Something else I’ve learned is that a patient can have “mixed dementia” which the neurologist said could be the case with my Mom. That means more than one type of dementia can occur simultaneously in the brain. Recent studies suggest that mixed dementia is more common than previously thought. In the most common form of mixed dementia, the abnormal protein deposits associated with Alzheimer’s disease coexist with blood vessel problems linked to vascular dementia. Alzheimer’s brain changes also often coexist with Lewy bodies. In some cases, a person may have brain changes linked to all three conditions — Alzheimer’s disease, vascular dementia, and LBD.
Why an Early Diagnosis is Important
While it is true that there is no cure for Alzheimer’s or LBD, an early diagnosis is beneficial in several ways.
A specialist can help you find the right treatment plan for your parent that can include medications and lifestyle changes to help with symptoms. In my Mom’s case, her doctor prescribed drugs to help her with anxiety and depression as well as medication for her hallucinations.
In addition, health advisers can answer your questions as well as help you understand the different progressive stages of the disease and anticipate your parent’s needs. They can direct you to the support services that can help lessen the impact of dementia on you, your parent, and your family.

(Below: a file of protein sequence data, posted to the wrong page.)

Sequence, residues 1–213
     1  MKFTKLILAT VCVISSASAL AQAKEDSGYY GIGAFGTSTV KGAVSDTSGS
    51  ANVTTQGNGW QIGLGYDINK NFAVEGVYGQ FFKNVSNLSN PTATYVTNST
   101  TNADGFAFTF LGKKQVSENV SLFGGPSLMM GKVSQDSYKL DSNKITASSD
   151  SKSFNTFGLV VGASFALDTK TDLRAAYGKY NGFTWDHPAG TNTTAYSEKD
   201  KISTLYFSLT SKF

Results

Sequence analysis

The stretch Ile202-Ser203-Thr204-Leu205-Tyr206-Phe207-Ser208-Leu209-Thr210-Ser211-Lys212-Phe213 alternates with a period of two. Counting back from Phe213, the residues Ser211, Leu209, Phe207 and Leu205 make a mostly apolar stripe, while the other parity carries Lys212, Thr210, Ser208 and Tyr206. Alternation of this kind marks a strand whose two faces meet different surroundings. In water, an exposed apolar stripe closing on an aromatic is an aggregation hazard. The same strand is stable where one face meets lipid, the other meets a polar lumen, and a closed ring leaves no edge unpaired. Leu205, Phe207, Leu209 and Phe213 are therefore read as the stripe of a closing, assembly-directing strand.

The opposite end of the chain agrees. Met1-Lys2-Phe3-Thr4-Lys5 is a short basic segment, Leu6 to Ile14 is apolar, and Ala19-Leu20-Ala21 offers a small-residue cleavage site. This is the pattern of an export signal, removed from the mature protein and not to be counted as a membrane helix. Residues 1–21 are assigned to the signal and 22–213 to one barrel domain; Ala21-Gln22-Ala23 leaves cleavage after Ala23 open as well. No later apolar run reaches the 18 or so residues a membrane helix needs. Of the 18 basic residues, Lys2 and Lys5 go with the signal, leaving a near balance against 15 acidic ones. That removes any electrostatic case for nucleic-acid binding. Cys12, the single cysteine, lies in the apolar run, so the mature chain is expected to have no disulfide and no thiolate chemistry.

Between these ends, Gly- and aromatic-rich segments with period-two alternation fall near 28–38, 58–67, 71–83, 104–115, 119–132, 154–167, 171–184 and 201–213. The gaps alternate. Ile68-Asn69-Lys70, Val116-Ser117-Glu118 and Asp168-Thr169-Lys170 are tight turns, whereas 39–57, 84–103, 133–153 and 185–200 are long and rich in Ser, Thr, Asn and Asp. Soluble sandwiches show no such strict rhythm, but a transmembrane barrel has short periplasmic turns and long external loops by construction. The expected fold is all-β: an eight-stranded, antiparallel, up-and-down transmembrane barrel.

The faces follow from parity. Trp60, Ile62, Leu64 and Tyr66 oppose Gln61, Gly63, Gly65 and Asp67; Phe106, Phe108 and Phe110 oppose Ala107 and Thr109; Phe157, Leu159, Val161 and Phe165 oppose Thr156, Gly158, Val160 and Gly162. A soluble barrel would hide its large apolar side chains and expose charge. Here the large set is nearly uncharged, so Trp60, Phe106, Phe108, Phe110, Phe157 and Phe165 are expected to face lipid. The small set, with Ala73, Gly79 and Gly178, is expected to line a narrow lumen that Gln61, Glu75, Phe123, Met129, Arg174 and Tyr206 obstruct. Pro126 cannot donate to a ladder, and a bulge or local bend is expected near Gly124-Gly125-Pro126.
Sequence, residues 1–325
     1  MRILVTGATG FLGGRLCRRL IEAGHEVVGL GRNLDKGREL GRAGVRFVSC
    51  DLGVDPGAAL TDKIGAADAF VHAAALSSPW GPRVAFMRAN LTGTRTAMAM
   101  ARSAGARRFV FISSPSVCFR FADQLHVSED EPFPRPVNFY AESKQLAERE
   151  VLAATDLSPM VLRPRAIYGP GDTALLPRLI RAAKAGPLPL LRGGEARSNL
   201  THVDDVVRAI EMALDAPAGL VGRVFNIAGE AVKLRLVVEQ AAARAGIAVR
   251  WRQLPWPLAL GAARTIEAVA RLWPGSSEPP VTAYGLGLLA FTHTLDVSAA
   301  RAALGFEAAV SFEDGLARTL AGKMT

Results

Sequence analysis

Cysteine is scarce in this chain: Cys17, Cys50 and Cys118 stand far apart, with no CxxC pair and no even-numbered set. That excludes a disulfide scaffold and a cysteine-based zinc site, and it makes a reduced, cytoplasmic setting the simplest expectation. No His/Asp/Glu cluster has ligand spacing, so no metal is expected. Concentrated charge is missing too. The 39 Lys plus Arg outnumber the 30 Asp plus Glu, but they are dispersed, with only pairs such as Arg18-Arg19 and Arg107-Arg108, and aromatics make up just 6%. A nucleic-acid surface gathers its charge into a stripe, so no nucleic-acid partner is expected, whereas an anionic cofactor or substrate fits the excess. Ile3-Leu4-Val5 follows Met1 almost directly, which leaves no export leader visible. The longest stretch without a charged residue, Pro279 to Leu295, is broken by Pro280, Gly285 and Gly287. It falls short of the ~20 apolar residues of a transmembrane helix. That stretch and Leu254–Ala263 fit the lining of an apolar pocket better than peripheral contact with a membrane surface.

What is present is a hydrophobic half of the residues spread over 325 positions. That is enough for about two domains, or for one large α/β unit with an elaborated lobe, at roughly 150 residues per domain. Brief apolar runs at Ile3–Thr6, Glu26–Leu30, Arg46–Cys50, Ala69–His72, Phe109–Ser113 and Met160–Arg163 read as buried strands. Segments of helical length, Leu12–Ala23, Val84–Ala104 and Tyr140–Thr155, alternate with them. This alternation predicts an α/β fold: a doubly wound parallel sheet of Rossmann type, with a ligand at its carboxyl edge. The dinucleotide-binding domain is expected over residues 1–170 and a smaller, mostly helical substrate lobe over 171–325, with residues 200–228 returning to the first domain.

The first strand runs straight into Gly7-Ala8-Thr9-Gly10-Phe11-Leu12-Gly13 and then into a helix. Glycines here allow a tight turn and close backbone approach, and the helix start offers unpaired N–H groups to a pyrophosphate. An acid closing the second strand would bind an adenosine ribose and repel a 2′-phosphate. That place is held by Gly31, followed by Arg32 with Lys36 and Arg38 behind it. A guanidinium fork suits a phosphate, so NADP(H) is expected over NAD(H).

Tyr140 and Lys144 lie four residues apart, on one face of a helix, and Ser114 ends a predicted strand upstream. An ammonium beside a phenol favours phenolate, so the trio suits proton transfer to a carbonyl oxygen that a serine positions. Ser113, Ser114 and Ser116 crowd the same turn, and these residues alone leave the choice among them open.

The unknown is scary and it was, in a strange way, comforting for me and my family – and even for my Mom – to know exactly what was causing her strange symptoms and what we could expect in the future.
Since dementia will progressively get worse, it’s important to develop a relationship with doctors, health care professionals, and support services. An early diagnosis will give you time to do so. You’ll also have more time to make plans for the future and allow your parent to express his or her wishes regarding care and living options.
One more thing, having a diagnosis can help caregivers make better informed medical decisions. For example, we learned that people with LBD “often respond to certain anesthetics and surgery with acute confusional states (delirium) and/or may have a precipitous drop in functional abilities which may or may not be permanent,” according to the Lewy Body Dementia Association (LBDA). Although I doubt a specialist could have given my Mom an accurate diagnosis prior to her hip surgery, we now have information that will help us make wise decisions regarding any possible future surgeries.
So if you are noticing some of the symptoms I’ve mentioned, by all means, see a specialist which may include a neurologist, neuropsychologist, and gerontologist so your parent is accurately diagnosed and can reap all the benefits of an early diagnosis.
In my next blog, Part Three of this series, I’ll be sharing some specific tips for caregivers.